Optical Fibers for Biomedical Applications

Moshe Ben-David, Israel Gannot

Research output: Chapter in Book/Report/Conference proceedingChapter

Abstract

The optical fibers are making new inroads into the biomedical applications. Absorption spectroscopy can be performed in situ. In situ studies are conducted for several applications-glucose and other blood analyte analysis, and NO and CO2 measurements in breath and molecular tissue mapping. Quick and accurate measurements of blood analytes without sample preparation may enable a better treatment. Gas analysis of human breath may provide valuable biomedical and clinical information. The detection of gas traces such as ammonia and NO may be used for noninvasive medical diagnosis and monitoring the success of a medical treatment. Near infrared (NIR) and mid-IR (MIDIR) spectroscopy is a reliable method for obtaining the fingerprint of solids, liquids, and gases. It can detect small amounts of materials and quantify the amount of material inside a given sample. One of the methods of NIR and MIDIR spectroscopy is evanescent wave spectroscopy (EWS), which is also known as attenuated total reflectance spectroscopy.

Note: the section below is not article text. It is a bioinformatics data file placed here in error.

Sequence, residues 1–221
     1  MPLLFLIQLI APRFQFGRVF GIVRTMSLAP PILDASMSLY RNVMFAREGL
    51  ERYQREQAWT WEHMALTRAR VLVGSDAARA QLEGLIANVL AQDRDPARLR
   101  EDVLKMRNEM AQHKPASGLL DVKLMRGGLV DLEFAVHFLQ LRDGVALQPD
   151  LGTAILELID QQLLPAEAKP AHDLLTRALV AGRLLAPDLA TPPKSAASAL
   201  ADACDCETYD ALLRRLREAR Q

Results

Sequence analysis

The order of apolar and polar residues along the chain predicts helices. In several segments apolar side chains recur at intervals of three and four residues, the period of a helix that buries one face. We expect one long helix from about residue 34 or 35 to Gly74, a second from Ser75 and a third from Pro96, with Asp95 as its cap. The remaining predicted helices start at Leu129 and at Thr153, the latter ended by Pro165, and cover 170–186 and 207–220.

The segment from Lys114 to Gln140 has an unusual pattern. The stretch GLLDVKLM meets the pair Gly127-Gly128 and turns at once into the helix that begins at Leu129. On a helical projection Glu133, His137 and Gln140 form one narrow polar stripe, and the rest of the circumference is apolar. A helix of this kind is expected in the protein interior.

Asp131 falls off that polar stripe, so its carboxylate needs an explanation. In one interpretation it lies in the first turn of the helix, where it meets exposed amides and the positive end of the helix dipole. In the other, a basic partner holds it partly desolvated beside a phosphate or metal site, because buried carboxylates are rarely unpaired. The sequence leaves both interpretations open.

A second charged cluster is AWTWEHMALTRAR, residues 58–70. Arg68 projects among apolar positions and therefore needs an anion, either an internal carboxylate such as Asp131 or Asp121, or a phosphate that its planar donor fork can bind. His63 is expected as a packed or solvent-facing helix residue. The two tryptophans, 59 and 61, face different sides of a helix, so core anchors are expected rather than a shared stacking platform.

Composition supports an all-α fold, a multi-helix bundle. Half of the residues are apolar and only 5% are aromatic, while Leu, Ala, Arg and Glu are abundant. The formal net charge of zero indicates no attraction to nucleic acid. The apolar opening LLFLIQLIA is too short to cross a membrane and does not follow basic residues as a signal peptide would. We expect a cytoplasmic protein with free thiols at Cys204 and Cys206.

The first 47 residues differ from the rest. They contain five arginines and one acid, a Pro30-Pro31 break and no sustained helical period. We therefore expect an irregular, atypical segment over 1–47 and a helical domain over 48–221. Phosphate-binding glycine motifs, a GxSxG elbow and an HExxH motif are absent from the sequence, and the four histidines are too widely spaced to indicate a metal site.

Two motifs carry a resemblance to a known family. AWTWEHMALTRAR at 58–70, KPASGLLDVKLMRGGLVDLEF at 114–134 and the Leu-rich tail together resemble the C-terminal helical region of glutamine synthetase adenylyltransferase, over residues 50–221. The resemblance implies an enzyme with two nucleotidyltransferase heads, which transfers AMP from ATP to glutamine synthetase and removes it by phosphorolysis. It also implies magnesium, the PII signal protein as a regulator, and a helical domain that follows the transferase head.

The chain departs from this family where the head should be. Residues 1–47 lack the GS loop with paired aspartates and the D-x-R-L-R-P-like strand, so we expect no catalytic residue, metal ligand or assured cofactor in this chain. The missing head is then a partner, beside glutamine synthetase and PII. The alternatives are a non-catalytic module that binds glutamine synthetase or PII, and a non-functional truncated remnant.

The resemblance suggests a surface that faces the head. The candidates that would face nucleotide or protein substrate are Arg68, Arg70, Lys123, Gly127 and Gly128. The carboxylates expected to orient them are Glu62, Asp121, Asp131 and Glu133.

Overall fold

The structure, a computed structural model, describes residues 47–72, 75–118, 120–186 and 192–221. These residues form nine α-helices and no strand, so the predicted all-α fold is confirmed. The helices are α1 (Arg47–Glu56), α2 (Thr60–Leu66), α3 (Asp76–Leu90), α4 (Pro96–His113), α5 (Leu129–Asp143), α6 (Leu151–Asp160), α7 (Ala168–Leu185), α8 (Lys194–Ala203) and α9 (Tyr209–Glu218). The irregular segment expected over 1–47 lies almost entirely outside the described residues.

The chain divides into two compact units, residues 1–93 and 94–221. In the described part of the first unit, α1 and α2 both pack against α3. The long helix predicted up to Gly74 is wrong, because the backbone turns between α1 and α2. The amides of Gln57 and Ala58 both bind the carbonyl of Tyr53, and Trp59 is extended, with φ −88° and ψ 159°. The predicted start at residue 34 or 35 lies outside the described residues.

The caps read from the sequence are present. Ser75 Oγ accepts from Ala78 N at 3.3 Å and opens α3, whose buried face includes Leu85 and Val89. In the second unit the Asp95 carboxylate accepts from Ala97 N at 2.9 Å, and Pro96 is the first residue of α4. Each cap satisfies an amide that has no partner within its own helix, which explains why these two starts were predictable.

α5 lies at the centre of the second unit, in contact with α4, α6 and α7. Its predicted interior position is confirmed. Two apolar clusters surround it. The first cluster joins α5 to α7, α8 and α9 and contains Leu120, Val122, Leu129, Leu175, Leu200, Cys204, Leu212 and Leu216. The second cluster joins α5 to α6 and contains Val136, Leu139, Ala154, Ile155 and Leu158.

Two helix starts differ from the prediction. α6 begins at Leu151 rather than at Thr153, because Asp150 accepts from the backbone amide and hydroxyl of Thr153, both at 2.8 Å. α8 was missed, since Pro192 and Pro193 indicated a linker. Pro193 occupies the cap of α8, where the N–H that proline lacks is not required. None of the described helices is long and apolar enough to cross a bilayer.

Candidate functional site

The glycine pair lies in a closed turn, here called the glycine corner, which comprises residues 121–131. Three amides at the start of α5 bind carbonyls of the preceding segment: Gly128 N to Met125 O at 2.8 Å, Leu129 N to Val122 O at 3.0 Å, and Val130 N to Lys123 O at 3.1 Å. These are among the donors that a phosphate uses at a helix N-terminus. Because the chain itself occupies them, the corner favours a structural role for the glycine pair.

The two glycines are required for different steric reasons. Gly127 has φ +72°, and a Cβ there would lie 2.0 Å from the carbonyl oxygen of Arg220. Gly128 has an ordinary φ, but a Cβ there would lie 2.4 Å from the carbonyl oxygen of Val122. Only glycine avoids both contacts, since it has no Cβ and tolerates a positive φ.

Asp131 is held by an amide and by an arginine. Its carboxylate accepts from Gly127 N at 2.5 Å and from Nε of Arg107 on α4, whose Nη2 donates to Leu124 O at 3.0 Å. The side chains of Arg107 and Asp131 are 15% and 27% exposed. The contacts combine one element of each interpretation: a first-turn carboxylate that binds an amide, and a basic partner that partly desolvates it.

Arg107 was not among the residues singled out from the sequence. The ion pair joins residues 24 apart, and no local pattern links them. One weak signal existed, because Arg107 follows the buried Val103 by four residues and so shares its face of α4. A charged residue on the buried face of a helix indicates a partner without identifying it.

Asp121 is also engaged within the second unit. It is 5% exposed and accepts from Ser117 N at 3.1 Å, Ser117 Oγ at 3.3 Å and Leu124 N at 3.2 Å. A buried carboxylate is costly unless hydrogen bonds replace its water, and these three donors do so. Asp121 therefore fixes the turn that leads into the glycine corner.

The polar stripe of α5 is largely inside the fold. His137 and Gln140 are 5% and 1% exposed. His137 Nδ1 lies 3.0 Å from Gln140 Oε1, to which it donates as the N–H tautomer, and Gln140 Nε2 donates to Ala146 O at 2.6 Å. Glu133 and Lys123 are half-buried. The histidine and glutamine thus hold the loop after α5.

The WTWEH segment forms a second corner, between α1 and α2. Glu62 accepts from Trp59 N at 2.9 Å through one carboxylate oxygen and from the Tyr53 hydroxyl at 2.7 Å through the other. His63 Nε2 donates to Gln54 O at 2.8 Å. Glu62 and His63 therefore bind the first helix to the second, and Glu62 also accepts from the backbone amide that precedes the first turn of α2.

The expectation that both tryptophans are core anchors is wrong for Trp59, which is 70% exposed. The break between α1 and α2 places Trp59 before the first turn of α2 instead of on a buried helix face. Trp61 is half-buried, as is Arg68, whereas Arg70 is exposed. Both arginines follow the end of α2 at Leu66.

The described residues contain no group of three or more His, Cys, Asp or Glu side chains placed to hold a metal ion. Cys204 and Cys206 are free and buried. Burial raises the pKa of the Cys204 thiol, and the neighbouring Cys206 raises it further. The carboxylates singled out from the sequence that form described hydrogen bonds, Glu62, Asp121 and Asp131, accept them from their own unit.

Original languageEnglish (US)
Title of host publicationSpecialty Optical Fibers Handbook
PublisherElsevier Inc.
Pages699-733
Number of pages35
ISBN (Print)9780123694065
DOIs
Publication statusPublished - Dec 1 2007
Externally publishedYes

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ASJC Scopus subject areas

  • Engineering(all)

Cite this

Ben-David, M., & Gannot, I. (2007). Optical Fibers for Biomedical Applications. In Specialty Optical Fibers Handbook (pp. 699-733). Elsevier Inc.. https://doi.org/10.1016/B978-012369406-5/50025-4